If you were out for a run and decided to meet that person out on the ice, how would you make your approach? Personally, I would slow down. My running would reduce to a shuffle as I worked my way onto the ice.
My past experiences inform me that ice is slippery and could destabilize my footing, resulting in a fall. So I reign myself in by reducing my range of motion from running to shuffling. By keeping my legs underneath me (in a shuffle), I increase my chances of staying upright on the ice; thanks to the additional stability that shuffling has provided me.
Mobility Follows Stability
Chronic tightness (a loss of mobility) could be making up for a lack of stability elsewhere in the body. Following that logic, it’s easy to see that a daily routine of passive stretching won’t yield long-term results.
To increase mobility, speak to your nervous system. Once your nervous system trusts that you know how to manage these new ranges of motion (aka safe from falling), mobility will be granted.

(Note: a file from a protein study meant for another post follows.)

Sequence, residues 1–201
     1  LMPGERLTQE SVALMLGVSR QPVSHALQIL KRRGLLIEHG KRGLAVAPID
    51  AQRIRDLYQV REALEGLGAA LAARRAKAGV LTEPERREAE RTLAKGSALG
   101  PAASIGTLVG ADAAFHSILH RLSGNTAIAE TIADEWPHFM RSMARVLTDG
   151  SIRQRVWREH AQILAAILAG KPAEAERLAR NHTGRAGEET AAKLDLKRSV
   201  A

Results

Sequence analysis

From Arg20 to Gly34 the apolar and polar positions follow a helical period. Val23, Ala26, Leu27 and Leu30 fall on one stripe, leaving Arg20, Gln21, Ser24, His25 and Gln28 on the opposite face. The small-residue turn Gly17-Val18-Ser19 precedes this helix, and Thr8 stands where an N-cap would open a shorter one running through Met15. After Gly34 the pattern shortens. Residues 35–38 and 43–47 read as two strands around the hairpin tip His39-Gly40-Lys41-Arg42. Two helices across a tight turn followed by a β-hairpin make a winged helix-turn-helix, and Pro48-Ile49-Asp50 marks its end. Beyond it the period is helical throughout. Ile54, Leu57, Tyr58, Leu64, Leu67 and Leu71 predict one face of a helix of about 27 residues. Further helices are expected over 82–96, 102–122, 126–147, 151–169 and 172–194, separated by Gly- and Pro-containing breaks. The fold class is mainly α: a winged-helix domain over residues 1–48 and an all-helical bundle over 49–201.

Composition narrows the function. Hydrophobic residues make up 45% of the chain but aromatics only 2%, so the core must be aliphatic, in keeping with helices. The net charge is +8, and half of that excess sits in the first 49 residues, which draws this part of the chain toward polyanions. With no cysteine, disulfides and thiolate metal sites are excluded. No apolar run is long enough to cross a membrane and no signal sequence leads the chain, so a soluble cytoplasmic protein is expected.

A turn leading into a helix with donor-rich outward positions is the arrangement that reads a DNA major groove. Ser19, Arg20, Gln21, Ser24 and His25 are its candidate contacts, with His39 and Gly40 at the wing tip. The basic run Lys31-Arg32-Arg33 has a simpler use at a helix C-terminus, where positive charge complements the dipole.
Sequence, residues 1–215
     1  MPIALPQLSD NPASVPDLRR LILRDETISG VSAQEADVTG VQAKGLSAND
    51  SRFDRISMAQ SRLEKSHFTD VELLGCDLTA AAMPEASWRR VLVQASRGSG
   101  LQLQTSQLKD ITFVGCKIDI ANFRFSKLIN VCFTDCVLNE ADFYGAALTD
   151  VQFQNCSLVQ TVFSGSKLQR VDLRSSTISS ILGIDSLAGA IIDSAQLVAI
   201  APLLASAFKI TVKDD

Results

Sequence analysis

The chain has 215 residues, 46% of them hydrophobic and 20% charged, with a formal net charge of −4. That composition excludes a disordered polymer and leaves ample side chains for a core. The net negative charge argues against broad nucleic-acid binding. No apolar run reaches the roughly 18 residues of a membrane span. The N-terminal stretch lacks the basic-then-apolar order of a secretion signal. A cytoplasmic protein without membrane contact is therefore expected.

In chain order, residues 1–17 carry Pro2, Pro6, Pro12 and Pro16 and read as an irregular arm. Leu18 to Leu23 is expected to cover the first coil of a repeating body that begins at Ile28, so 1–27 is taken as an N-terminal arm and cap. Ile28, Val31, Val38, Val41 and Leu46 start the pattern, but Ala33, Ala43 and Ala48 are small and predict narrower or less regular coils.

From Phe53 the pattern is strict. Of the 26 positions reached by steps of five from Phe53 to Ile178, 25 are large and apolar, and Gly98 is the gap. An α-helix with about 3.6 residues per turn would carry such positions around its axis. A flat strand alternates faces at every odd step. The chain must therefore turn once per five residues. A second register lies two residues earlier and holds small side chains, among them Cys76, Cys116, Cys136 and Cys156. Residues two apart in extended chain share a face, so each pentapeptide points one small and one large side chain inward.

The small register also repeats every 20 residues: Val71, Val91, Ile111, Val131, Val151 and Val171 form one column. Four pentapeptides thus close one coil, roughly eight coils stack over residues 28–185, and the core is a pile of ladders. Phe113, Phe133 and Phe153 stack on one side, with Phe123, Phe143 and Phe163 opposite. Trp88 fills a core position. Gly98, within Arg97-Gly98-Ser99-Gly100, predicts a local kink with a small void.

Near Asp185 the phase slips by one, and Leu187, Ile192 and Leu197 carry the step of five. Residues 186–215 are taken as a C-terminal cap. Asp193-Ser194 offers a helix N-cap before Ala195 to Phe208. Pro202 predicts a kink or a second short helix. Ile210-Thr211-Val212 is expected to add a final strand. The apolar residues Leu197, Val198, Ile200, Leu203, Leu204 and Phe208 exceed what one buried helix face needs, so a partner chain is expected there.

Think of a sailboat. First, you tighten the sail (stability), then the wind will catch the sail and move the boat (mobility).
Something must stay still to allow for something else to move. The stillness (stability) allows for freedom of movement (mobility). When these two work together, force production (power and speed in movement) can be trained.
This approach is how we speak to the nervous system and build lasting results long-term.